Why not do it yourself? You need to answer this question before proceeding. What are your reasons (there will probably be more than one) for using a consultant? The answers will inform your brief, aid your search for the right consultant, and help you manage the assignment or consultancy project. The most likely reasons may include some of the following:

  • Independent Advice – As explained in my opening paragraph
  • Technical Knowledge – This may be required in various specialist areas, such as network unified communications, design, cost control or security    
  • Relevant experience – How the knowledge applies to your specific requirements or problems 
  • Strategic view – To recognise the longer term implications of current decisions
  • Objectivity – Even where expertise resides within the client organisation, an external view can often provide a more balanced assessment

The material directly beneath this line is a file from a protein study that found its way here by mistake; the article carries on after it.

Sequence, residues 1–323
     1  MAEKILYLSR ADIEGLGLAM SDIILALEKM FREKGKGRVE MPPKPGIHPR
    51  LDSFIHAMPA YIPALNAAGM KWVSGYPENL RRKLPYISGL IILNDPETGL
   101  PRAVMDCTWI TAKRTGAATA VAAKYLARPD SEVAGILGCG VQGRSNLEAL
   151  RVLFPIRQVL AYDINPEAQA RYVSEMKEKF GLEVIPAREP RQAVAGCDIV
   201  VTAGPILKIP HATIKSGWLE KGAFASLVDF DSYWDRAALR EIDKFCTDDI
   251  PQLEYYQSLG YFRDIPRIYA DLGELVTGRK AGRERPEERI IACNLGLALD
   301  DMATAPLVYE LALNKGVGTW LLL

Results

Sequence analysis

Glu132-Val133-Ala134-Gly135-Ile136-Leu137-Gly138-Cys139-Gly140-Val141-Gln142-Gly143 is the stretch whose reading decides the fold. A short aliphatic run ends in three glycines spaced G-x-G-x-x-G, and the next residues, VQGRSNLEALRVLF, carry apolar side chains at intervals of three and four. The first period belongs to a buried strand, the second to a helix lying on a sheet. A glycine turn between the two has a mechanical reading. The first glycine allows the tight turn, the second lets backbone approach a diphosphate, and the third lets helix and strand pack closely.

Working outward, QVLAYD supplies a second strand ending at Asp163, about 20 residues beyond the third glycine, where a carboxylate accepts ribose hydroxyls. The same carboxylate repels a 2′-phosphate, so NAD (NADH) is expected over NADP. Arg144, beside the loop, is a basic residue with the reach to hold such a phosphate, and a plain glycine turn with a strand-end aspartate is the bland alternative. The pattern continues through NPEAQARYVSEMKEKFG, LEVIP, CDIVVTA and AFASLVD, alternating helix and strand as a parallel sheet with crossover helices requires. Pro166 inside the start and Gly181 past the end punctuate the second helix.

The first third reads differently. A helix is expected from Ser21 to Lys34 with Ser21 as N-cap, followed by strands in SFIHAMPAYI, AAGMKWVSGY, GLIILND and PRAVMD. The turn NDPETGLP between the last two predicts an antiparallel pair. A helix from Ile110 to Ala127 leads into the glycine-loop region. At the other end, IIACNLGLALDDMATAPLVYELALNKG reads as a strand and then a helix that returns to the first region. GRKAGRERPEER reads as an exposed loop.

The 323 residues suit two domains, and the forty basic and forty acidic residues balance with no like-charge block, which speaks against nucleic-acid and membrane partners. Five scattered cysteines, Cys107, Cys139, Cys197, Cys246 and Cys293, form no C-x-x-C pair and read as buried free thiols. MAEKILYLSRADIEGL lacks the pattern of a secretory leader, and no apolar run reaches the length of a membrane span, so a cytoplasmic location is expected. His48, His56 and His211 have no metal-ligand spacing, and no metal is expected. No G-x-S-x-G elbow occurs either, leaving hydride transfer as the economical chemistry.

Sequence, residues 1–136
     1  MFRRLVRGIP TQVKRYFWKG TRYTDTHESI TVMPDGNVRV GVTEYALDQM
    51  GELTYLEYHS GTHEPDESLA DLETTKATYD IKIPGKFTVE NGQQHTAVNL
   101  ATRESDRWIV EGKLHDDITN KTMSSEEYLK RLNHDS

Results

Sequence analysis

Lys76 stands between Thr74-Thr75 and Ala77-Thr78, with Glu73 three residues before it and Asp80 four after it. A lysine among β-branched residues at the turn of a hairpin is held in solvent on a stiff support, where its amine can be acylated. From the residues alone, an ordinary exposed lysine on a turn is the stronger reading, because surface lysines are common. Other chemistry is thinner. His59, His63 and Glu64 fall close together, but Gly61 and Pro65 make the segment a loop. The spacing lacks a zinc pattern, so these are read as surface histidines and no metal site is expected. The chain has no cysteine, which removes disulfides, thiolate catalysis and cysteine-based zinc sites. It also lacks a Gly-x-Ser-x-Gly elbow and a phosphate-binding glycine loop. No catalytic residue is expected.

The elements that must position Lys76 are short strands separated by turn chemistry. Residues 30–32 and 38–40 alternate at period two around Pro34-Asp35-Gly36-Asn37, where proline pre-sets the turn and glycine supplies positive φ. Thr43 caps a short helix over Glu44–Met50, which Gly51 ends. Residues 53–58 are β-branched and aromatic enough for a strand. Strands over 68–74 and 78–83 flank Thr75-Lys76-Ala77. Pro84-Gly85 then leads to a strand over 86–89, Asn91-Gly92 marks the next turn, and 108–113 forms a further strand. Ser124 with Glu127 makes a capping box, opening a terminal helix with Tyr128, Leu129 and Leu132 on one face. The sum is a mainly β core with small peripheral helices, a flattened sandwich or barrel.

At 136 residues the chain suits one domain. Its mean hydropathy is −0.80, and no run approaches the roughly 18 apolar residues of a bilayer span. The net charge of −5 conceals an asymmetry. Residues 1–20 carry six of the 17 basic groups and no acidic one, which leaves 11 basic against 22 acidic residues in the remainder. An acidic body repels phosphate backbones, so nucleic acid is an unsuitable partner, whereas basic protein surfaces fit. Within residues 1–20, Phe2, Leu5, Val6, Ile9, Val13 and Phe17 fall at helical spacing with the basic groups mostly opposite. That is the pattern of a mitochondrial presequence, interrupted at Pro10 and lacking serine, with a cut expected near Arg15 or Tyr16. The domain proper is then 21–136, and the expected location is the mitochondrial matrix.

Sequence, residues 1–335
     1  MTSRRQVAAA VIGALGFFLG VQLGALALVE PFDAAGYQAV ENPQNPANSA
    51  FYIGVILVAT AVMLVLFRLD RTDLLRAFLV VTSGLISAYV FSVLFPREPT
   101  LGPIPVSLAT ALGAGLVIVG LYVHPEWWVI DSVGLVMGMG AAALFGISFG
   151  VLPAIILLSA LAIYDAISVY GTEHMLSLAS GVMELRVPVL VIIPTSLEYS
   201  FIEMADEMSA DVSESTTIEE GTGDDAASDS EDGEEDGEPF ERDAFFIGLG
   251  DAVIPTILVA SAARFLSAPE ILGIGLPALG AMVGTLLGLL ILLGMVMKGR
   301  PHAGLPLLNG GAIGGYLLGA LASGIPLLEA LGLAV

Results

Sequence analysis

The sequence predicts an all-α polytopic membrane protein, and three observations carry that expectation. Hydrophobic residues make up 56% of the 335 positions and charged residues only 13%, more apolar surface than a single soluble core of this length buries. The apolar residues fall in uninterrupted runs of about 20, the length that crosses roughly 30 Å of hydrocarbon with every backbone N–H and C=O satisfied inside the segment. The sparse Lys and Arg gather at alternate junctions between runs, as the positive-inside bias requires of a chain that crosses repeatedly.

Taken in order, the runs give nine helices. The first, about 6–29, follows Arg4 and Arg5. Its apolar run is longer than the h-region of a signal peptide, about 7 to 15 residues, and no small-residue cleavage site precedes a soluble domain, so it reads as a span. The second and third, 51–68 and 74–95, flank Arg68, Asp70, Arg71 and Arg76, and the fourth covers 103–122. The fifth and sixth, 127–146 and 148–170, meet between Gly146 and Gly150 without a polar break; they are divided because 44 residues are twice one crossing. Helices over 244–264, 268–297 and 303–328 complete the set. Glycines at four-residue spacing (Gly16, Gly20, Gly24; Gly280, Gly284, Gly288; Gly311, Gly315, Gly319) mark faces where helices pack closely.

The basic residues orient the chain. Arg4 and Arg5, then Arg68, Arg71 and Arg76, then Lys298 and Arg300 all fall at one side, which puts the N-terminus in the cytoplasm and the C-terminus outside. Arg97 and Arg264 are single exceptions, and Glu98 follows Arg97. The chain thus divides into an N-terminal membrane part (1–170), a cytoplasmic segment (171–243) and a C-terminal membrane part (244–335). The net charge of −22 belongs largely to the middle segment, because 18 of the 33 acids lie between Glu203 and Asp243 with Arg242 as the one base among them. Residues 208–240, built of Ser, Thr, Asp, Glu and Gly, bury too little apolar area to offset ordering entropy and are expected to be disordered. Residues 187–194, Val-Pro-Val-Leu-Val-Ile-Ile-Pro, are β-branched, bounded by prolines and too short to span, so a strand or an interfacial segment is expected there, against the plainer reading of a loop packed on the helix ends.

• Resources – Maybe it could be done in-house, but not on the desired timetable.

Some other benefits of using a consultant are more obscure. For example, I have several clients for whom I have provided continuity services while the in-house team around me has completely changed.

Selection
Public sector buyers might make their first port of call Buying Solutions’ website www.buyingsolutions.gov.uk. The ICT Consulting Services Framework contains eight categories, many of which cover different areas of communications. However, finding names in relevant framework agreements should be regarded as the first step in a process where the buyer needs to be just as aware as with any other transaction. The framework suppliers are mostly larger consultancies with higher than average fees, and are often supported by smaller companies operating in sub-contract mode. Again, make sure you meet the consultant(s) who would be doing the work, and that their references relate to their experience.